[Amps] 3CX800A7 Spares - cook them periodically?
jtml at losalamos.com
Tue Jul 15 01:13:40 EDT 2014
The 3CX800A7s shouldn't leak sitting on the shelf. Keep them stored away
from extreme temperatures (freezing and hot) and Rip Van Winkle tubes
should be ready to use after a 30-60 minute wait after turn on once they
are put back in use. This does allow for the getter to attach with stray
molecules once the filament heats up.
> Have some NIB Eimac 3cx800a7's (YC-238) as spares for my Alpha amps.
> Question is, should they be put in some kind of fixture and cooked with
> air/filament v applied periodically to keep the boogymen away ? Is
> filament and airflow all that is needed to periodically "condition" them?
> Or is this all hogwash?
A fixture for these tubes is not needed. You can turn them on
periodically, as Carl suggested, and that is the best test.
> If there is any way to preserve them in storage I'm game as they seem to
> last forever if properly used - so a long time in storage is probable.
> Do these external anode tubes tend to leak any more than other types ?
Not that I've heard of. Most of the similar sized (kW sized) triodes and
tetrodes from that company seem to have good brazed ceramic to metal
seals, in my experience. What bit of stray molecules remaining seem to
be adsorbed by getters when they are turned on. Its when they get
larger, like 200 kW and up, that the seals become very large diameter
and in multiple places, that the sources of leaks increases. In some of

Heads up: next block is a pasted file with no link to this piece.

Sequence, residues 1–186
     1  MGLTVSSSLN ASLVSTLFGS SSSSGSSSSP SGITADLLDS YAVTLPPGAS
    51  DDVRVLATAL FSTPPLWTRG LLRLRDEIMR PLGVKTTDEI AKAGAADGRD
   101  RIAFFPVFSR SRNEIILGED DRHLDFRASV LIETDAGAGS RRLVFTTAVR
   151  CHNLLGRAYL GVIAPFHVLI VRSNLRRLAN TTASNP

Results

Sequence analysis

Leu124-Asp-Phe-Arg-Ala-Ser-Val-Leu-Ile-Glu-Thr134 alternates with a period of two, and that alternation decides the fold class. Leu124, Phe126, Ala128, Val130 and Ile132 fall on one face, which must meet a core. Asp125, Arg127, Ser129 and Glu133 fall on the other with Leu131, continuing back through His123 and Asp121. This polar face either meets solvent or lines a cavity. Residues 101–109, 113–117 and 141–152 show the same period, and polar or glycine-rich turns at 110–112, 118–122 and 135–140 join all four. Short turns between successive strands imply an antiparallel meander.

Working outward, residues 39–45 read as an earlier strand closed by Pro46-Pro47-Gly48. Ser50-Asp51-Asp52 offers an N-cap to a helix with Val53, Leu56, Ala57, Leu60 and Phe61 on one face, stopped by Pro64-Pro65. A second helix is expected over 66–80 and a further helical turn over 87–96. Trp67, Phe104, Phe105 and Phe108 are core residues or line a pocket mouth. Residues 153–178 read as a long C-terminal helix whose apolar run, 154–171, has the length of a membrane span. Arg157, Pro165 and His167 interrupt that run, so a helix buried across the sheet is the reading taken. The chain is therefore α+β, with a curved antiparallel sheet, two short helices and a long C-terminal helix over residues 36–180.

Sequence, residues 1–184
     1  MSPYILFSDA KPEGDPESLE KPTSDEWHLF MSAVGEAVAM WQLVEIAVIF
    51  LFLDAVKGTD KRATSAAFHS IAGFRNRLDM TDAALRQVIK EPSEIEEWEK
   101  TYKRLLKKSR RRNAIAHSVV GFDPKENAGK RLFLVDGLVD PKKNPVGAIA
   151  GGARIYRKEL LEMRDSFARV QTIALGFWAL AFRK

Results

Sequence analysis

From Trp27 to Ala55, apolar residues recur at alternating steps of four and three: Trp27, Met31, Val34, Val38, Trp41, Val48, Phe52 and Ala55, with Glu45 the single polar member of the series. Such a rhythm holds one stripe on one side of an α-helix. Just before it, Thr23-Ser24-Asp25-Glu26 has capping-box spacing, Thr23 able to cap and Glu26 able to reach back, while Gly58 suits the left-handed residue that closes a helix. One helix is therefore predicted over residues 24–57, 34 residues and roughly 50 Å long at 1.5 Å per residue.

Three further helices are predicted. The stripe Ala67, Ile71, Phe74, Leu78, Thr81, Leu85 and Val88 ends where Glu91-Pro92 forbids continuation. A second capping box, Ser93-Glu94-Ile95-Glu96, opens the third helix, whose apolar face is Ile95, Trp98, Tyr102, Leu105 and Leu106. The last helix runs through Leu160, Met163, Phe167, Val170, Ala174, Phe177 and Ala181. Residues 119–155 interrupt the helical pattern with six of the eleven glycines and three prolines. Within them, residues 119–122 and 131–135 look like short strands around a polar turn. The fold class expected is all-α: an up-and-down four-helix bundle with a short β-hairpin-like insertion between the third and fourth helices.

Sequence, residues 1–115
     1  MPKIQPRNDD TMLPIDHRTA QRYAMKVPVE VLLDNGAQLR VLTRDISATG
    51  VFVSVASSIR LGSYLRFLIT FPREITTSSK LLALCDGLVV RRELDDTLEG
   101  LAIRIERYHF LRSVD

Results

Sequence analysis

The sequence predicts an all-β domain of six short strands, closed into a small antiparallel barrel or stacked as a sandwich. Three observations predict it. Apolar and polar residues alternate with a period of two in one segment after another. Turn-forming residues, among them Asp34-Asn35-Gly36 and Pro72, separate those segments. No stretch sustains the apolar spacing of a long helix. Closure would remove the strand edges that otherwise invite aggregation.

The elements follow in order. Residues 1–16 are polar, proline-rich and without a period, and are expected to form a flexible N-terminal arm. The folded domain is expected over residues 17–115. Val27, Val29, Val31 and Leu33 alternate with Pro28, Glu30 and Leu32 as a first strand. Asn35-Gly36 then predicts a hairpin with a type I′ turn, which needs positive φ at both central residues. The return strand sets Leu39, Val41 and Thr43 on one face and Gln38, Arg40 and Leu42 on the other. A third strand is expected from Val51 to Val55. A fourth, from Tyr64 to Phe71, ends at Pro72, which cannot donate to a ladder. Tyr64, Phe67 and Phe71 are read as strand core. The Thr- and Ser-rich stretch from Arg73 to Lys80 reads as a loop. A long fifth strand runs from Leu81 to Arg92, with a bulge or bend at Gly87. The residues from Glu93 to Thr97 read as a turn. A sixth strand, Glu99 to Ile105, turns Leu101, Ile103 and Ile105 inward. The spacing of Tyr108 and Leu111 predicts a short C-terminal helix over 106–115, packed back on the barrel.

these tubes such as RCA's 7835/4617 triode, warranty requires that they
be stored with external ion pumps energized at least every 60 days. Same
is true for a lot of the big CPI klystrons and those from other companies.
> How does the "getter" work on these suckers (if any exists)? Do they need
> to get equivalent to red hot like the 3-500z's to have the getter work?
Most certainly some type of getter, either a cold one or a heated one,
is used. Some tubes use the plate material as a getter, some use a
separate getter mounted near the filament connections, and some use a
small glass capsule getter that is broken open during sealing. The
application of flashed getter inside the envelope is not done in high
power ceramic metal tubes, for obvious reasons of contamination of the
insulation. Manufacturers are tight-lipped as to what they use in a
particular bottle, and usually its when they are broken open the
surprise is learned.
> What has to be applied to keep them healthy ?
> Anyone have a schematic for a burn in fixture?
If it were to be made, it would be a simple socket with blower/fan,
airflow interlock, filament power at a slightly low voltage with the
proper current limiting during turn on. More elaborate would be a tester
that applies plate voltage, and of course bias on the grid or cathode to
prevent excessively high beam current. As this is done, though, the
chances of the tube becoming an oscillator goes up, so 'stoppers' like
parasitic chokes and damping resistances would be considered. Its just
not worth the effort if you have the amplifier that can test them
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